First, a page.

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How to make the most of losing your dream job
It was the dream job. A job that almost any physical therapist would want to have.
That job was being an NBA physical therapist.
It was like being a kid at a rehab candy store. We had time, resources, no visit limits because of silly insurance, and the ability to control so many more variables.
I could influence so many different things for the players. In the D-League in particular, I was the PT, strength coach, nutrition coach, and sports scientist. It was an awesome experience.
And then I got the call.
I walked into the general manager’s office, and he broke the news:
“We’ve had to eliminate your position.”
Which is a euphemism for:
I had seen it happen many times in the league as players come and go. And everyone was very cordial and matter of fact when their time came.
“Hey, I got traded, I’m out.”
“Hey, they let me go. I’ll catch you later.”
“Yo, they waived me, man, I’ll see you around.”
And now it was my turn to do the same, and I exited in a similar fashion.
It sucked and was an immense low.
Yet, this experience was life-changing for me on many levels. Although it was a tough time, I ended up turning things around and haven’t looked back since.
I returned to educating, which is what I believe my calling is.
I’m grateful for that experience, and the lessons I learned during that time.
Here are the big three:
Take ownership of getting fired
Though I was not given a reason for why I got fired, and our GM happily said he’d recommend me to another organization, I did a major post-Mortem to see what I could’ve done differently.
This time involved lots of reflection, reading, and learning.
The most impactful book I read during this time was “Extreme Ownership” by Jocko Willink. Basically, it’s a military spin on controlling what you can control, and forcing yourself to assume control of more things than you think. Don’t be a victim sort of thing.
It was after that book that I realized I was causing problems as an employee. I had an ego, didn’t play nice with others, and was poor at leading.
Awareness was the first step, and I did a bunch of work to reduce these weaknesses that I have.
I couldn’t have done that if I had blamed everyone but myself for what happened.
While there is a lot that we cannot influence in our world, we can always take control of our actions, reactions, thoughts, beliefs, and more. The sooner we can realize this, the sooner we can change these areas to make our situations better for ourselves and others.
Don’t take the firing personal
If you are dating someone, and you know it’s not a good fit, and you’ve tried to work things out, the best thing you can do is break up with that person. You won’t be happy because that person isn’t who you are looking for, and ultimately they will not be happy either because you aren’t all in.
Getting fired from a job is much the same.
Point blank, the reason I got fired was that I wasn’t a good fit for where the organization was going. They needed something that I didn’t have the skillset for, and my skill set was better served for something else (like entertaining the fam).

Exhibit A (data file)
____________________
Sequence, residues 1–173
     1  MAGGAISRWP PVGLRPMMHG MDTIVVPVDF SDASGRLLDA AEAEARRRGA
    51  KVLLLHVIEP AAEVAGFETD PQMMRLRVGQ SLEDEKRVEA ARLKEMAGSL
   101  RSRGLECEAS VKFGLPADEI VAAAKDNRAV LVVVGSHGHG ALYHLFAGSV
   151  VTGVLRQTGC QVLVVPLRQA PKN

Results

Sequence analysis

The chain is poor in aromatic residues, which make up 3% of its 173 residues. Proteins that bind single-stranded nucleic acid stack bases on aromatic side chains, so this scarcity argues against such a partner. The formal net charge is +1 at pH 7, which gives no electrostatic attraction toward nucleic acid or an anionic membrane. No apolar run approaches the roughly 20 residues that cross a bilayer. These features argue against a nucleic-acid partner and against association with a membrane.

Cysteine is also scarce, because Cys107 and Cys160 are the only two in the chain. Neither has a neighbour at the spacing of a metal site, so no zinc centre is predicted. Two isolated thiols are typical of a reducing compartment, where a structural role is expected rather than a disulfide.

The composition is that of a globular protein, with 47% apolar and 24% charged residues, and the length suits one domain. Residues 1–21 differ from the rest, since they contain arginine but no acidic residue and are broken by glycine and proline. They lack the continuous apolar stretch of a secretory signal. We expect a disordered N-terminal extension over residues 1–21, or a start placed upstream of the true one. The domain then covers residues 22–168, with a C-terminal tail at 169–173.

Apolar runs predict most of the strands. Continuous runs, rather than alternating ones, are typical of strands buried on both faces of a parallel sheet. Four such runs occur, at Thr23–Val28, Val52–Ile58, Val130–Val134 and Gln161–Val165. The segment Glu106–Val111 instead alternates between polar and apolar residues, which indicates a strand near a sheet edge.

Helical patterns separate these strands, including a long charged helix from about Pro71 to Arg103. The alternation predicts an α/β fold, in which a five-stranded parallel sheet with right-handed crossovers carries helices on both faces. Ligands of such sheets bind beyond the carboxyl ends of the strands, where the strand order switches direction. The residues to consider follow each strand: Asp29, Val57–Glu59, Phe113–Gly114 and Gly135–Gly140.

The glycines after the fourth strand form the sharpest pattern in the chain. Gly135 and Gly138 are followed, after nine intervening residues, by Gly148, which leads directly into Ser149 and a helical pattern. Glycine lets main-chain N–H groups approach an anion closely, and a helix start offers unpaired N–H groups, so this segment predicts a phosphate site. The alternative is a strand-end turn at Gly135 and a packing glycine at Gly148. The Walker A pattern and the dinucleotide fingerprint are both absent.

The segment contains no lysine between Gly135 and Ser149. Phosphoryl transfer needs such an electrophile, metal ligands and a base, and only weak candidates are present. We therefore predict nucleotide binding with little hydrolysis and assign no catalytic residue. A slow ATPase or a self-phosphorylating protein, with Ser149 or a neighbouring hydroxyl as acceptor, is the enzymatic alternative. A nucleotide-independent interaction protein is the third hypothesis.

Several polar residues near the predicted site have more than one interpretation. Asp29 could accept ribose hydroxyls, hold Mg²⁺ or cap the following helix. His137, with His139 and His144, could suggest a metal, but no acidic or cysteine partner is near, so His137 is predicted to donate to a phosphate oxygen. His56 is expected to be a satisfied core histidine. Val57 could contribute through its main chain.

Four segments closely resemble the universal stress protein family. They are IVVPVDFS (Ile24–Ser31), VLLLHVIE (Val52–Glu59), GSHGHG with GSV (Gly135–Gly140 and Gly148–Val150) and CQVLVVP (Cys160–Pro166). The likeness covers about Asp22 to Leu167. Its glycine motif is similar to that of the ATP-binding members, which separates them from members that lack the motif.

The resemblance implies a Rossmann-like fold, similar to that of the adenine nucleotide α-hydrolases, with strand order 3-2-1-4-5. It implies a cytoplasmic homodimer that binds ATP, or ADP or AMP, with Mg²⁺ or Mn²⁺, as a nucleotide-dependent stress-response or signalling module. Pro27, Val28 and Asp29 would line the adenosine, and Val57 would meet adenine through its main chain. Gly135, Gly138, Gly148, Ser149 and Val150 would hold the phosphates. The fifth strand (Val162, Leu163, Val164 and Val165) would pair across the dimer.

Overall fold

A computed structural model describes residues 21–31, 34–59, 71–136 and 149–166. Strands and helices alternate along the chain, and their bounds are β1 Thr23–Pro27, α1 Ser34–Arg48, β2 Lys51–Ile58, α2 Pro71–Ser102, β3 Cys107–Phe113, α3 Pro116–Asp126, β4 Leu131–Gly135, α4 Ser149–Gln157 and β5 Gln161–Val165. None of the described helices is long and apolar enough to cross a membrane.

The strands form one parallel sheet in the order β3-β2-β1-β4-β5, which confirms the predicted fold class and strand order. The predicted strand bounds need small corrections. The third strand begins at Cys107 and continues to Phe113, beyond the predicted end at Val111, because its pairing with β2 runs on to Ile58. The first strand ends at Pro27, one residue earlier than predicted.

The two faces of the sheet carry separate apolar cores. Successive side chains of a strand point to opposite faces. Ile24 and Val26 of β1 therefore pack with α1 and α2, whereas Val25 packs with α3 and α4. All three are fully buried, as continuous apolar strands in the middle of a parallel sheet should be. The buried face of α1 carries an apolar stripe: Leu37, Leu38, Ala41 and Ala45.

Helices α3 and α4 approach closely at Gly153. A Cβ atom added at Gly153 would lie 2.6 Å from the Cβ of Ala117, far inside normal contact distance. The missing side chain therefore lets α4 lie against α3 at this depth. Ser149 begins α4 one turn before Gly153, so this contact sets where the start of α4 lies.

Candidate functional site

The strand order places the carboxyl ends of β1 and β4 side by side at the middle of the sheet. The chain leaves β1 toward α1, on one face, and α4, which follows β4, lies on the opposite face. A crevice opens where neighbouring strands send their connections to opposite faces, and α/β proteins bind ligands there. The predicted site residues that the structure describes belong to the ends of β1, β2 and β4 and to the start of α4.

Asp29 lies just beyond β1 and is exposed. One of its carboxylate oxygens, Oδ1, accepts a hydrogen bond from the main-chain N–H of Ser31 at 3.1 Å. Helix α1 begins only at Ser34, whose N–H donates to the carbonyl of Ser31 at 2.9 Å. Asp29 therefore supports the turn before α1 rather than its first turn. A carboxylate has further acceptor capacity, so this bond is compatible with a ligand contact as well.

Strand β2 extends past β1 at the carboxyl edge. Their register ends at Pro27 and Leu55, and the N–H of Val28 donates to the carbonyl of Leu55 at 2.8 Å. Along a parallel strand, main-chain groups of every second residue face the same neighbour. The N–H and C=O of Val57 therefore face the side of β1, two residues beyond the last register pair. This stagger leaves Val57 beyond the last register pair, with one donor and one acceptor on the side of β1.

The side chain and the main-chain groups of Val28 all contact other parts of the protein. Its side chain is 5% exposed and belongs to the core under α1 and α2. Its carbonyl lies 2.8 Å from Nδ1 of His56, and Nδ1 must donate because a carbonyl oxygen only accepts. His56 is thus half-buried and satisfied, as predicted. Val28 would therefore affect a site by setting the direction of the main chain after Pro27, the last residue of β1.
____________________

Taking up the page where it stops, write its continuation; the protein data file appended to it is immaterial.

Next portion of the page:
And that’s okay.
Keeping me in the position I was in ultimately wouldn’t have fulfilled my personal wants and needs. I couldn’t teach, and I missed that.
Moreover, what I had to offer likely wasn’t what the team needed.
It wasn’t a good fit, and Memphis did the right thing.
Recognizing that it’s not a “you” problem, but a fit problem, better helps you pivot to a place where you can leverage your strengths—whether it’s starting your own business or finding a different employer.
You don’t get fired because you’re a bad person (unless you are, fam), but because you aren’t the right person.
As the great philosopher Michael Corleone once said: “It’s not personal. It’s strictly business.”
The power of spite
If you ever saw The Last Dance, you’ll notice that Michael Jordan used spite a TON as a motivator to make him great, often making up stories to keep him motivated to be the GOAT.
When I saw how much MJ used spite to fuel his desire to win, I felt that. Because I was always someone who would do the same when I was done wrong, or someone didn’t believe in me.
Even though you need to recognize what you could’ve done differently and change it, and you also can’t take being fired personally, that doesn’t mean you can’t “make up” that the people that fired you are your enemy.
Now is your time to say “You want to fire me? Okay, fine. So I took that personally.”
You can bet your bottom dollar that I did.
I sought to show those folks that they made a big mistake and used that story to fire me up, starting the reign of terror that is ZacCupples.com.
It was an immensely useful strategy, but user beware.
You can’t let spite lead you to bitterness.
If you rely solely on spite, you’ll never be satisfied. You’ll always have to find an enemy, and you’ll never be grateful for what you have.
Throughout the last several years, I’ve had my moments where I didn’t feel like I did enough, or could’ve made things better.
At the same time, I’ve been grateful for what I’ve accomplished so far.
And gratitude is the way you don’t let something like getting fired break you.
Those were the big keys that I learned from getting fired. To summarize:
- Recognize and take ownership of what you could’ve done better
- Don’t take being fired personal
- Use spite and gratitude to motivate and stay humble
How did you handle a tough loss or being fired? Comment below and let the fam know!